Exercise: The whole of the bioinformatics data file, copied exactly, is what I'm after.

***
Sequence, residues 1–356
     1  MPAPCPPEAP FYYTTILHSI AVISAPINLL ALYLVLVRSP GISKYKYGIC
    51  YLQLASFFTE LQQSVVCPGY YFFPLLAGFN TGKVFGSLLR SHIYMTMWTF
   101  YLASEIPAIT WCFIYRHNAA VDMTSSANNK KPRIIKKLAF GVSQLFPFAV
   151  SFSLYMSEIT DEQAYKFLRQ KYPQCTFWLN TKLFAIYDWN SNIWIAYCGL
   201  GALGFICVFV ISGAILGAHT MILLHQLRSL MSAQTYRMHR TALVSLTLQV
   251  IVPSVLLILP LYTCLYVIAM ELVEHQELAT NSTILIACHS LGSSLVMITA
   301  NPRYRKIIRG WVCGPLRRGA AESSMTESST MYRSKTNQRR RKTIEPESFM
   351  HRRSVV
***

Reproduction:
Sequence, residues 1–356
     1  MPAPCPPEAP FYYTTILHSI AVISAPINLL ALYLVLVRSP GISKYKYGIC
    51  YLQLASFFTE LQQSVVCPGY YFFPLLAGFN TGKVFGSLLR SHIYMTMWTF
   101  YLASEIPAIT WCFIYRHNAA VDMTSSANNK KPRIIKKLAF GVSQLFPFAV
   151  SFSLYMSEIT DEQAYKFLRQ KYPQCTFWLN TKLFAIYDWN SNIWIAYCGL
   201  GALGFICVFV ISGAILGAHT MILLHQLRSL MSAQTYRMHR TALVSLTLQV
   251  IVPSVLLILP LYTCLYVIAM ELVEHQELAT NSTILIACHS LGSSLVMITA
   301  NPRYRKIIRG WVCGPLRRGA AESSMTESST MYRSKTNQRR RKTIEPESFM
   351  HRRSVV